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(Payne,2006). Victorias Secret is an established force in the lingerie and womens wear industry with impressive and effective advertising campaigns. The brand is synonymous with risqu yet classy sex appeal; however, the current crisis can be classified as a tactless attempt at exotic erotica. Objective 1: To rebuild the organizations reputation with key publics through internal communication efforts and social media. This objective focuses on acknowledging the crisis situation and issuing an apology to the public. Our first tactic in order to execute this objective will be to send an internal email to all employees from the chief executive officer. Employees are an extremely valuable public and internal communication must be utilized to keep them informed during any crisis or change (Swan, 2010). As a substantial corporation with many departments and franchises, it is crucial to send an organization-wide email in order to properly inform the employees as the primary public to become aware of the situation and maintain positive internal relations. Previous research has revealed that if an organization is dealing with a preventable crisis, practitioners should employ accommodating strategies (Claeys & Cauerghe, 2012). The following tactic in accomplishing this objective involves implementing social media with an apology response strategy. Consumers increasingly rely on Facebook groups as a trustworthy way to acquire information and opinions regarding an organization, creating a place for consumer brand relationships. Victorias Secret already actively uses Facebook to disseminate messages and generate interest in the brand (Chu, 2011). Twitter and Facebook will be used to issue an apology to the public for the creation and sale of the Sexy Little Geisha lingerie set (See Appendix G).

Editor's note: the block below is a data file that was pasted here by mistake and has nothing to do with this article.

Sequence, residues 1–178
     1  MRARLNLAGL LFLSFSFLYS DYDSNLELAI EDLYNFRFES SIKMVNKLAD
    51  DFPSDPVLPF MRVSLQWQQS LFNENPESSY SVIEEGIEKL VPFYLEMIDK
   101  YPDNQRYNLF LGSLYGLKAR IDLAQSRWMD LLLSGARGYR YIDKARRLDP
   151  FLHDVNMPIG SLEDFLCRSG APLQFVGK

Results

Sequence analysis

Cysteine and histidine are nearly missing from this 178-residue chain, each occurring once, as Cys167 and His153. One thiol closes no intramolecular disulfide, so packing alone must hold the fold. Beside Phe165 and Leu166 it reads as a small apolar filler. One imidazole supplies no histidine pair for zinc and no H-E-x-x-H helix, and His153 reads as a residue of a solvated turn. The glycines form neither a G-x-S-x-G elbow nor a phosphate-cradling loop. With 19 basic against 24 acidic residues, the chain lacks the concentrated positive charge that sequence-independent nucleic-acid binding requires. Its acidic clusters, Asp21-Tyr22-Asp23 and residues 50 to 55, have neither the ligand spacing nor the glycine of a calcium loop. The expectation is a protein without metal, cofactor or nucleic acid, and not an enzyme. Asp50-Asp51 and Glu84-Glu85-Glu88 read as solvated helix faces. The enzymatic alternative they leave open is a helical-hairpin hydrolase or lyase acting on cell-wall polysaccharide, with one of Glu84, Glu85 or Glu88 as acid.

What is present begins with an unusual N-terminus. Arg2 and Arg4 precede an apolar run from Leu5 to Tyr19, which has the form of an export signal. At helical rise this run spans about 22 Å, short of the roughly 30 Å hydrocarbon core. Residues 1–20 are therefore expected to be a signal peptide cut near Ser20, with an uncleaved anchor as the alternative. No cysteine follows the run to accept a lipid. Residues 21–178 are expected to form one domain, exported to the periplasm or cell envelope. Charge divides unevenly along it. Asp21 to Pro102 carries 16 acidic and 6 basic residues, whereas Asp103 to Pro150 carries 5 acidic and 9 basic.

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By employing social media to communicate the apology, Victorias Secret can reach a significant number of individuals at once due to their substantial following of 1.6 million on Twitter and over 20 million Likes on Facebook (See Appendix H). In doing so, Victorias Secret will take full responsibility for the crisis and ask stakeholders for forgiveness of the mistake (Coombs, 2006). Objective 2: To increase the organizations favorable coverage in uncontrolled media. Practicing effective communication with the media is paramount in crisis communication (Veil & Ojeda, 2010). Victorias Secret Sexy Little Geisha lingerie earned extensive media coverage and backlash due to the nature of the product as well as the lack of response by the organization once criticism ensued. The campaign should be directed heavily towards effective media relations including: being the first to address the pull of the item, being available to the media during the handling of the crisis, and establishing a spokesperson to deliver the central message of the public relations efforts. The first tactic to accomplish this objective is to send at least one press release to national and international media with the first 24 hours of the product removal (See Appendix I). Instead of allowing the media to direct the outcome of the crisis by being the first to acknowledge the removal of the Sexy Little Geisha, Victorias Secret must send a press release in order to properly address the crisis and continue reputation management. A separate press release will be tailored to external bloggers as that public played a significant role in creating buzz and mainstream media coverage of the controversy. An influential external blog is defined as any blog that initiates and/or amplifies a crisis for an organization (Jin, 2011). By addressing this public separately and